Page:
(This article belongs to the Special Issue 2nd Edition of Big Data, Decision Models, and Public Health)
Article
Long-Term Medical Resource Consumption between Surgical Clipping and Endovascular Coiling for Aneurysmal Subarachnoid Hemorrhage: A Propensity Score–Matched, Nationwide, Population-Based Cohort Study
Int. J. Environ. Res. Public Health 2021, 18(11), 5989; https://0-doi-org.brum.beds.ac.uk/10.3390/ijerph18115989 - 02 Jun 2021
Viewed by 727
Abstract
Purpose: To estimate long-term medical resource consumption in patients with subarachnoid aneurysmal hemorrhage (SAH) receiving surgical clipping or endovascular coiling. Patients and methods: From Taiwan’s National Health Insurance Research Database, we enrolled patients with aneurysmal SAH who received clipping or coiling. After propensity [...] Read more.
Purpose: To estimate long-term medical resource consumption in patients with subarachnoid aneurysmal hemorrhage (SAH) receiving surgical clipping or endovascular coiling. Patients and methods: From Taiwan’s National Health Insurance Research Database, we enrolled patients with aneurysmal SAH who received clipping or coiling. After propensity score matching and adjustment for confounders, a generalized linear mixed model was used to determine significant differences in the accumulative hospital stay (days), intensive care unit (ICU) stay, and total medical cost for aneurysmal SAH, as well as possible subsequent surgical complications and recurrence. Results: The matching process yielded a final cohort of 8102 patients (4051 and 4051 in endovascular coil embolization and surgical clipping, respectively) who were eligible for further analysis. The mean accumulative hospital stay significantly differed between coiling (31.2 days) and clipping (46.8 days; p < 0.0001). After the generalized linear model adjustment of gamma distribution with a log link, compared with the surgical clipping procedure, the adjusted odds ratios (aOR; 95% confidence interval [CI]) of the medical cost of accumulative hospital stay for the endovascular coil embolization procedure was 0.63 (0.60, 0.66; p < 0·0001). The mean accumulative ICU stay significantly differed between the coiling and clipping groups (9.4 vs. 14.9 days; p < 0.0001). The aORs (95% CI) of the medical cost of accumulative ICU stay in the endovascular coil embolization group was 0.61 (0.58, 0.64; p < 0.0001). The aOR (95% CI) of the total medical cost of index hospitalization in the endovascular coil embolization group was 0·85 (0.82, 0.87; p < 0.0001). Conclusions: Medical resource consumption in the coiling group was lower than that in the clipping group. Full article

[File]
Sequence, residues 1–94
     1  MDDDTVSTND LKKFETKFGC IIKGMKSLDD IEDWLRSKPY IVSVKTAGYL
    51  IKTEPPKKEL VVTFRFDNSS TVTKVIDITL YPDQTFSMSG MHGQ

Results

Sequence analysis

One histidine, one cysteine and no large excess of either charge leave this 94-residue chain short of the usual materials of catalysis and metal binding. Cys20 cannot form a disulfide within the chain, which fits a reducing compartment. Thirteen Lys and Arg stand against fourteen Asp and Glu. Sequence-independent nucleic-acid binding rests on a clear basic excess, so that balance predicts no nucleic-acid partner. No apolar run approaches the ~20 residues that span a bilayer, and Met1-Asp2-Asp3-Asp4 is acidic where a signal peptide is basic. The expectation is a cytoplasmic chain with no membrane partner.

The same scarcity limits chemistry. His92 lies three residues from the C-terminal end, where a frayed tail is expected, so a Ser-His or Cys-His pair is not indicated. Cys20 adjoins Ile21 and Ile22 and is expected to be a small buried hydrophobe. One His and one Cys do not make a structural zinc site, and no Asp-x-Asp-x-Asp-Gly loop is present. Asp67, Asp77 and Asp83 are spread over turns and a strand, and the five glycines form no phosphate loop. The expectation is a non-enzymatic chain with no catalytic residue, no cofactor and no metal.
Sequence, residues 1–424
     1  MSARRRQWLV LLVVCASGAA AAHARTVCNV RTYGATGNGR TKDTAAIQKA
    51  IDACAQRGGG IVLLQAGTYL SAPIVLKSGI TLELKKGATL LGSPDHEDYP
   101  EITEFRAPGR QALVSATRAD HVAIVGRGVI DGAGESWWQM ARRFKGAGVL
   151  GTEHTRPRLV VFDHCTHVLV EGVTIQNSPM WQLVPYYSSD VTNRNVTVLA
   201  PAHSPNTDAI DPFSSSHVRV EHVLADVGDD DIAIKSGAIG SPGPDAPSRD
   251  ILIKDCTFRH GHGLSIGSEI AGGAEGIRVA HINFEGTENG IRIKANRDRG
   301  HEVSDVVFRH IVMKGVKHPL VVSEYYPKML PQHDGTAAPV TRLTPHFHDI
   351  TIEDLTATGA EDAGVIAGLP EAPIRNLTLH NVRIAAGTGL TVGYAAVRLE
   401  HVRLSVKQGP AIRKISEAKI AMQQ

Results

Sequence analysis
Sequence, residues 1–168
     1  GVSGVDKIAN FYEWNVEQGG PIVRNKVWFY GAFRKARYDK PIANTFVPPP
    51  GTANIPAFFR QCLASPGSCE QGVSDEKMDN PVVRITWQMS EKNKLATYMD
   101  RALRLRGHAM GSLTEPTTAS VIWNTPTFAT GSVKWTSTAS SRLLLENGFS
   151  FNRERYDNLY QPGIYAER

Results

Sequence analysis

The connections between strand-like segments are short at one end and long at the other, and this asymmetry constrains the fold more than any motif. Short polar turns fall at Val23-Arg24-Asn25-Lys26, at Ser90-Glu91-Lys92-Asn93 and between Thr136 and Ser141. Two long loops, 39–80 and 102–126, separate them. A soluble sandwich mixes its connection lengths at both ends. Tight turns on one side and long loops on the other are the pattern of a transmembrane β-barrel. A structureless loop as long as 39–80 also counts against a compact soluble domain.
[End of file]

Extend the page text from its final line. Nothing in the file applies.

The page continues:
(This article belongs to the Special Issue 2nd Edition of Big Data, Decision Models, and Public Health)
Article
A Real-Time Artificial Intelligence-Assisted System to Predict Weaning from Ventilator Immediately after Lung Resection Surgery
Int. J. Environ. Res. Public Health 2021, 18(5), 2713; https://0-doi-org.brum.beds.ac.uk/10.3390/ijerph18052713 - 08 Mar 2021
Cited by 1 | Viewed by 614
Abstract
Assessment of risk before lung resection surgery can provide anesthesiologists with information about whether a patient can be weaned from the ventilator immediately after surgery. However, it is difficult for anesthesiologists to perform a complete integrated risk assessment in a time-limited pre-anesthetic clinic. [...] Read more.
Assessment of risk before lung resection surgery can provide anesthesiologists with information about whether a patient can be weaned from the ventilator immediately after surgery. However, it is difficult for anesthesiologists to perform a complete integrated risk assessment in a time-limited pre-anesthetic clinic. We retrospectively collected the electronic medical records of 709 patients who underwent lung resection between 1 January 2017 and 31 July 2019. We used the obtained data to construct an artificial intelligence (AI) prediction model with seven supervised machine learning algorithms to predict whether patients could be weaned immediately after lung resection surgery. The AI model with Naïve Bayes Classifier algorithm had the best testing result and was therefore used to develop an application to evaluate risk based on patients’ previous medical data, to assist anesthesiologists, and to predict patient outcomes in pre-anesthetic clinics. The individualization and digitalization characteristics of this AI application could improve the effectiveness of risk explanations and physician–patient communication to achieve better patient comprehension. Full article
(This article belongs to the Special Issue 2nd Edition of Big Data, Decision Models, and Public Health)
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Article
Clinical Knowledge Supported Acute Kidney Injury (AKI) Risk Assessment Model for Elderly Patients
Int. J. Environ. Res. Public Health 2021, 18(4), 1607; https://0-doi-org.brum.beds.ac.uk/10.3390/ijerph18041607 - 08 Feb 2021
Viewed by 731
Abstract
From the clinical viewpoint, the statistical approach is still the cornerstone for exploring many diseases. This study was conducted to explore the risk factors related to acute kidney injury (AKI) for elderly patients using the multiple criteria decision-making (MCDM) approach. Ten nephrologists from [...] Read more.